Thursday, December 7, 2017

Spinning Wheel Quilt

Biedler Spinning Wheel 

from the Biedler Covered Bridge Farm 

of New Market Virginia

I have no experience spinning or weaving but I couldn't resist this quilt (67x98 from SE Ohio).

Anyone know if there was a published pattern at one time? Or do you think someone just created their own from a silhouette image?

(above) This is the only other spinning-wheel-focused quilt I have seen an image of seen.

The photo above is just one block from 
a quilt in my collection 
by African American quilt artist Marie Wilson.

This is another Marie Wilson quilt I jut discovered in the April 1987 back issue of Quilters Newsletter magazine. Does anyone know where this quilt resides now?

Why did I buy the spinning wheel quilt (other than the fact that I love old quilts, period!) I bought it mainly because I inherited a family spinning wheel from the Shenandoah Valley before I left Virginia in 2004!

Below is my youngest grandson exploring the old family spinning wheel.

 I am so grateful life took us to Virginia for 15 years, thus enabling me to do primary family research.  I inherited this beautiful object from 101 year-old Mary Lucille Biedler Piner, a distant cousin.  I discovered her brother Claude Daniel Biedler in Vienna, VA about 1991, which eventually led me to Lucille who lived in Shelby, NC at the time.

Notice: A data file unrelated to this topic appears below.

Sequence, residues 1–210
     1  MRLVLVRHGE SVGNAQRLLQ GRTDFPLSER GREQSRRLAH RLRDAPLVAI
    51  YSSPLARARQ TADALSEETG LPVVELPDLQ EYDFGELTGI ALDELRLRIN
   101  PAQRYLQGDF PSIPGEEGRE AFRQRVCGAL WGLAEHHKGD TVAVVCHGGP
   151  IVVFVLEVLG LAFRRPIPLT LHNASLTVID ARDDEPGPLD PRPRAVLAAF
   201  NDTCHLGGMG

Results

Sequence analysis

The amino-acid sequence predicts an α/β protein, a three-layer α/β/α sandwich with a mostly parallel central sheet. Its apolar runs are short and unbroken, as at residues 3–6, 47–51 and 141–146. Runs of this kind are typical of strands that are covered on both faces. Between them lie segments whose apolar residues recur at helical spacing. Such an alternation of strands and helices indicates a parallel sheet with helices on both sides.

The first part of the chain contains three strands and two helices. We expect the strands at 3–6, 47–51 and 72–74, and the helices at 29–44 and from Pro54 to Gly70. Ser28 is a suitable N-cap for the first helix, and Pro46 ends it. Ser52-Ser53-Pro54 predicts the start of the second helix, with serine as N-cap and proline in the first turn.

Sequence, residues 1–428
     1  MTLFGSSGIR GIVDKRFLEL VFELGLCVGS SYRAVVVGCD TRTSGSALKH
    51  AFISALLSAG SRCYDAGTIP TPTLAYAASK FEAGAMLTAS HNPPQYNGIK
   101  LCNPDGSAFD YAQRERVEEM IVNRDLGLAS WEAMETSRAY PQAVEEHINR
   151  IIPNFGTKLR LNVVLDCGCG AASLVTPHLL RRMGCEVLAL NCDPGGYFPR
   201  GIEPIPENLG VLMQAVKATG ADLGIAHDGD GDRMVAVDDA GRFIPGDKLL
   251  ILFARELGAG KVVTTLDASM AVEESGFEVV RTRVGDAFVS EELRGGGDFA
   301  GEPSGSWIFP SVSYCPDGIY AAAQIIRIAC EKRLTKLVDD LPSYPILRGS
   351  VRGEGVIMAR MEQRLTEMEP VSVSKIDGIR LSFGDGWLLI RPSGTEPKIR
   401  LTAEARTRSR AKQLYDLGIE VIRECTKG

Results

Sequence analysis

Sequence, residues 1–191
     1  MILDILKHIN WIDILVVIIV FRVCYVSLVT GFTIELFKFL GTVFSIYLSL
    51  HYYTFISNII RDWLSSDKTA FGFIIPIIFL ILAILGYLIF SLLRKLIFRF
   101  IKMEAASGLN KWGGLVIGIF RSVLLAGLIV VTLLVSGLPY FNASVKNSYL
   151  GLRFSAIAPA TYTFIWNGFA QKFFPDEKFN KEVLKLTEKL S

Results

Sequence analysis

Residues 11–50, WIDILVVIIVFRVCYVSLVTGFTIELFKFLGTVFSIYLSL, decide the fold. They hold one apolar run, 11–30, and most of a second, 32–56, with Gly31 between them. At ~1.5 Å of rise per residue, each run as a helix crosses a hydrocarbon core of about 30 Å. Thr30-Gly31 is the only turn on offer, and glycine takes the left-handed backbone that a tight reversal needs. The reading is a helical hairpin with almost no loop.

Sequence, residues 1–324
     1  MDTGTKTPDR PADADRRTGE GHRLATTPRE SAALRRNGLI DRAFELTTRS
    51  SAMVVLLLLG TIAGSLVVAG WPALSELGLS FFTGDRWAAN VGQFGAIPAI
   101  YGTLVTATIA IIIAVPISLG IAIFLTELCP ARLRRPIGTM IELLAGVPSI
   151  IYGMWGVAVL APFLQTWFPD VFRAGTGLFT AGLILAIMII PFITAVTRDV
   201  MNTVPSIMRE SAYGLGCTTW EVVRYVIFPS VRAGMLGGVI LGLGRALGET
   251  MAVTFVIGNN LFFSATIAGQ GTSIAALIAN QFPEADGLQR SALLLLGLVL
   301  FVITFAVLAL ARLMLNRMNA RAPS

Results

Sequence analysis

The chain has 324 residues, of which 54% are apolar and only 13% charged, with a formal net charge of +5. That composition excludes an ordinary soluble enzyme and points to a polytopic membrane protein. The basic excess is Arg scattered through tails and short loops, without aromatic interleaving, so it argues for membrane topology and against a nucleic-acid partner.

Just above is a photo of Luciile's grandparents, her grandfather being my Grandfather's uncle and her grandmother being the one who originally owned the spinning wheel and from whom Lucille inherited it. This branch of the Biedler family lived near New Market, VA and built the Biedler Covered Bridge in 1895, the last covered bridge in Virginia on private land (not owned by the state) that is still in daily use.  Some of my research on this family was referenced in the book "The Covered Bridges of Virginia" by Leola B. Pierce.

Besides the spinning wheel, I also inherited 15 Farm Ledgers from Lucille about the building and working of the Biedler Covered Bridge Farm from the 1870-1960. The ledgers even list all the men hired to make the bricks right there on the farm and lists all the construction supplies Daniel ordered
from Baltimore.

One or two of the ledgers I have were kept by the women of the family. In those ledgers they recorded the money they made from the selling of their turkeys / chickens / and eggs. I was told that money was theirs to spend as they chose for they hard earned it. It is all great reading if you love studying cultural history.

BELOW: A spinning wheel I found on line that looks very similar to mine.

Here is another photo (below) I found with the parts of the spinning wheel identified and labeled.

You can read more about this family farm by clicking here and going to my Biedler blog.

So many more things to write about, but it is time to get back to a quilting deadline I have.   I actually don't quilt very often. As much as I love it, I love research and writing even more so that is where I spend most of my time.

Hope you keep files of your own family history for future generations!

Happy Holidays!